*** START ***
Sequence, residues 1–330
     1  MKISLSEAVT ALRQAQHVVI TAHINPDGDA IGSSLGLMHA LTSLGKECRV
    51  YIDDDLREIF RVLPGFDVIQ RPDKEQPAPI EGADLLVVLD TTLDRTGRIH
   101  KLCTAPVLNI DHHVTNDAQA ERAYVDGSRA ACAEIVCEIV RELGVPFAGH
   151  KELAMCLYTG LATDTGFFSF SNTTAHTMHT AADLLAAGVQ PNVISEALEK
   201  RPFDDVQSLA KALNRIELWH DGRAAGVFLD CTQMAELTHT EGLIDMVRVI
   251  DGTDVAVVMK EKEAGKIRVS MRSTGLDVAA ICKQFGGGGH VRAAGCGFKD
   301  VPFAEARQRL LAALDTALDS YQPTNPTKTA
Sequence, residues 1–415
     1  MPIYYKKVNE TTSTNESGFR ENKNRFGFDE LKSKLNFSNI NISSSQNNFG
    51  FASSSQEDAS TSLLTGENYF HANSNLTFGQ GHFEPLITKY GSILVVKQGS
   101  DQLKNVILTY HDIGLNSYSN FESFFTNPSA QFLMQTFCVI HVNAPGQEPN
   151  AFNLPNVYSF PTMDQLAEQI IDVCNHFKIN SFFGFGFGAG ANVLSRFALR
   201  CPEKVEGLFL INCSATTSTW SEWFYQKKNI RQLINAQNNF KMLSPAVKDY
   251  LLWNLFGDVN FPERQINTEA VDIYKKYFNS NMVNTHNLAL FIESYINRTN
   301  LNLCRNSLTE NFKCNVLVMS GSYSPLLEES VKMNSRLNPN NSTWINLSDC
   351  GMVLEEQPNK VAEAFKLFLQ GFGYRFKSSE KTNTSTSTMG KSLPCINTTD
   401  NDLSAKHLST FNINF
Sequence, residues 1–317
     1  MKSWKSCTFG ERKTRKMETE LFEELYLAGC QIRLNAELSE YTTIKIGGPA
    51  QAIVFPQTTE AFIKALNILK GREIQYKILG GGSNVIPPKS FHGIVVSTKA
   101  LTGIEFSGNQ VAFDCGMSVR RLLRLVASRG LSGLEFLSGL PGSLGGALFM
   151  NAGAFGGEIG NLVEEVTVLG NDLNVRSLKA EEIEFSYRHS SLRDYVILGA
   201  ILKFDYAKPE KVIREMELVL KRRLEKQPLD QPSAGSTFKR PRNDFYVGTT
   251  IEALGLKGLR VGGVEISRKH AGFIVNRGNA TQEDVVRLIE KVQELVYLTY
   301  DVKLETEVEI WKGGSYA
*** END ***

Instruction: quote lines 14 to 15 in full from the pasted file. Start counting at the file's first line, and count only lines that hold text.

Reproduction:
   201  CPEKVEGLFL INCSATTSTW SEWFYQKKNI RQLINAQNNF KMLSPAVKDY
   251  LLWNLFGDVN FPERQINTEA VDIYKKYFNS NMVNTHNLAL FIESYINRTN